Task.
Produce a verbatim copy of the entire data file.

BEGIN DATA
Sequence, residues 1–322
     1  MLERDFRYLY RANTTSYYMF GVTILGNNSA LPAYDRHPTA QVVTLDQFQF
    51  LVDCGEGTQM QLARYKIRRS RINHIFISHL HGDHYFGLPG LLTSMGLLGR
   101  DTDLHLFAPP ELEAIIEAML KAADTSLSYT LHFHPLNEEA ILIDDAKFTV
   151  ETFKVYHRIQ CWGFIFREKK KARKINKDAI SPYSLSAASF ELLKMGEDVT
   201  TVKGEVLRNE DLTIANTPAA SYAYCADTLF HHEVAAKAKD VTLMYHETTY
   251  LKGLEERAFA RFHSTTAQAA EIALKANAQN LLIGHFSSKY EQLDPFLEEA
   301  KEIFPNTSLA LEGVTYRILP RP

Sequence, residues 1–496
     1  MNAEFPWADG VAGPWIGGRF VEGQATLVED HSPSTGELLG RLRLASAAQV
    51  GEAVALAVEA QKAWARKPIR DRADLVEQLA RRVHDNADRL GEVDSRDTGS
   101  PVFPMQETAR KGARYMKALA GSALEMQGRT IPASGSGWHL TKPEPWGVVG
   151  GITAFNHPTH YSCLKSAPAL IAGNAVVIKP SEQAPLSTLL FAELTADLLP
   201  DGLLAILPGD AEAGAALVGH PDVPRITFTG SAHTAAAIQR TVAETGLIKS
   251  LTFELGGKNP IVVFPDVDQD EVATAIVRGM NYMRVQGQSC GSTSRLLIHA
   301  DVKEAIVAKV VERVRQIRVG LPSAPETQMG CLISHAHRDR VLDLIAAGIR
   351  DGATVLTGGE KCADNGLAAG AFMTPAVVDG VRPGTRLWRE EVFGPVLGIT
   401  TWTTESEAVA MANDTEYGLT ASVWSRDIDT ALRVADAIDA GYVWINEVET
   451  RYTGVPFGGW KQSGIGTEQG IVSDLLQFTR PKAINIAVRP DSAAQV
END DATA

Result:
Sequence, residues 1–322
     1  MLERDFRYLY RANTTSYYMF GVTILGNNSA LPAYDRHPTA QVVTLDQFQF
    51  LVDCGEGTQM QLARYKIRRS RINHIFISHL HGDHYFGLPG LLTSMGLLGR
   101  DTDLHLFAPP ELEAIIEAML KAADTSLSYT LHFHPLNEEA ILIDDAKFTV
   151  ETFKVYHRIQ CWGFIFREKK KARKINKDAI SPYSLSAASF ELLKMGEDVT
   201  TVKGEVLRNE DLTIANTPAA SYAYCADTLF HHEVAAKAKD VTLMYHETTY
   251  LKGLEERAFA RFHSTTAQAA EIALKANAQN LLIGHFSSKY EQLDPFLEEA
   301  KEIFPNTSLA LEGVTYRILP RP

Sequence, residues 1–496
     1  MNAEFPWADG VAGPWIGGRF VEGQATLVED HSPSTGELLG RLRLASAAQV
    51  GEAVALAVEA QKAWARKPIR DRADLVEQLA RRVHDNADRL GEVDSRDTGS
   101  PVFPMQETAR KGARYMKALA GSALEMQGRT IPASGSGWHL TKPEPWGVVG
   151  GITAFNHPTH YSCLKSAPAL IAGNAVVIKP SEQAPLSTLL FAELTADLLP
   201  DGLLAILPGD AEAGAALVGH PDVPRITFTG SAHTAAAIQR TVAETGLIKS
   251  LTFELGGKNP IVVFPDVDQD EVATAIVRGM NYMRVQGQSC GSTSRLLIHA
   301  DVKEAIVAKV VERVRQIRVG LPSAPETQMG CLISHAHRDR VLDLIAAGIR
   351  DGATVLTGGE KCADNGLAAG AFMTPAVVDG VRPGTRLWRE EVFGPVLGIT
   401  TWTTESEAVA MANDTEYGLT ASVWSRDIDT ALRVADAIDA GYVWINEVET
   451  RYTGVPFGGW KQSGIGTEQG IVSDLLQFTR PKAINIAVRP DSAAQV